Canadian Journal of Law and Technology


Intimate images, Authors' rights, non-consensual disclosure, unauthorized distribution, DMCA, image-based sexual violence


This article responds to a brand of legal realpolitik that says using property law to respond to the non-consensual distribution of intimate images (NCDII) is appropriate and even necessary, because its remedial frameworks are well developed and provide the relief that is often most sought after by targets of an assault: the immediate removal of photos from online platforms. While some targets are not considered the ‘‘authors’’ of their intimate images, most of the images that are the subject of NCDII are selfies, taken by the target themselves. In these cases, that person rightfully owns the copyright in those images and would be able to make use of that right in seeking a remedy.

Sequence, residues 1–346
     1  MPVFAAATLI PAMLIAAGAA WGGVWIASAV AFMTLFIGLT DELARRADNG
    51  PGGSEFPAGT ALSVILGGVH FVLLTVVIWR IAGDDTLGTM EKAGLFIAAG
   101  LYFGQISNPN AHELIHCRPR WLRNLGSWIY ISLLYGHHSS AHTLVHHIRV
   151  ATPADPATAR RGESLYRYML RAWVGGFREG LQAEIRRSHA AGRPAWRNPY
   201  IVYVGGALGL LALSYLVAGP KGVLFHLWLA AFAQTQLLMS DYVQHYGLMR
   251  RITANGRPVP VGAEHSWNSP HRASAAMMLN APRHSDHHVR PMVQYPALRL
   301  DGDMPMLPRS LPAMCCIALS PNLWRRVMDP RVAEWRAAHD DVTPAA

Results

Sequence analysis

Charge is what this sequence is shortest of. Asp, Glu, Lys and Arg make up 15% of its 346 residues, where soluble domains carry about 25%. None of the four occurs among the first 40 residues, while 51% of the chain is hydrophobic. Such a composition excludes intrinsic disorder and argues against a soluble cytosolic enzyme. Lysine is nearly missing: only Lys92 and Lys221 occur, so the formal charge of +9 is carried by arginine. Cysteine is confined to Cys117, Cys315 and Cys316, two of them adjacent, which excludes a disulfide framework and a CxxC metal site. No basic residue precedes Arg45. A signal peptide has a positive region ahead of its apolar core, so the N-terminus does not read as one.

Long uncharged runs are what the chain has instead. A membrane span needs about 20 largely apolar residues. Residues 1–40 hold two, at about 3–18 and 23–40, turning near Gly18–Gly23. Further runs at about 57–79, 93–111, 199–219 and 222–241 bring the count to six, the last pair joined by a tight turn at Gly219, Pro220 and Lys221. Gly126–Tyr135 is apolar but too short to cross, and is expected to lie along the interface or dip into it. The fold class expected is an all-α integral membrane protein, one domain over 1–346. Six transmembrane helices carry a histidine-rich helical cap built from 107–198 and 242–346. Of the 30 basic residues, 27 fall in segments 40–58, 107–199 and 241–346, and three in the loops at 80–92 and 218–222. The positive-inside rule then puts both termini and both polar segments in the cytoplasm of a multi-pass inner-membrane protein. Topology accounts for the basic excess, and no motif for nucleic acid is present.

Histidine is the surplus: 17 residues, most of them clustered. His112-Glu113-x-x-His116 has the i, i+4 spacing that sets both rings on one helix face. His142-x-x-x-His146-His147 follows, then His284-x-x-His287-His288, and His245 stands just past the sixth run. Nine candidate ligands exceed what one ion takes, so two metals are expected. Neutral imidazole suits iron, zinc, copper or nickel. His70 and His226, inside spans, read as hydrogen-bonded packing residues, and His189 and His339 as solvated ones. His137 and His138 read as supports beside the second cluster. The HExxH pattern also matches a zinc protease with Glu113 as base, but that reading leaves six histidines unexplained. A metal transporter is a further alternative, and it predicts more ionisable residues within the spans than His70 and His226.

In this article I argue that it is incumbent on legislators to develop remedies for NCDII that do not rely on proprietary frameworks to address the harm that results from image-based sexual abuse. The article will proceed in three parts. In Part 1, I will discuss the nature of NCDII and conceptualize the harm. Here I argue that NCDII is an extreme privacy invasion and a form of gender-based violence. I briefly address how Canadian law has failed to provide an effective remedy for the victims/survivors of NCDII — canvassing both criminal and civil approaches to redressing the harm. In Part 2, I examine the justifications for intellectual property law. I argue that early privacy theorists were correct to conceptualize privacy and property as two distinct rights with material differences in the kinds of interests they were designed to protect. I make the case that the modern Anglo-American approach to copyright — dominant in Canada and the U.S. — is weighted towards economic rights and explore how the Supreme Court of Canada’s articulation of copyright’s purpose balances these economic rights with public interest concerns. In Part 3, I discuss how copyright remedies fail to respond to NCDII harms, including privacy, dignity, and equality. I acknowledge that copyright, when used as a practical tool, provides some remedies that may otherwise prove elusive, but I also highlight the inherent challenges faced by individuals relying on copyright law for those remedies. I conclude with the recommendation that legislators should focus on creating a sui generis remedial framework for NCDII that acknowledges the true nature of the harm and provides victims/survivors with effective remedies — including those that are so powerful and attractive within copyright law.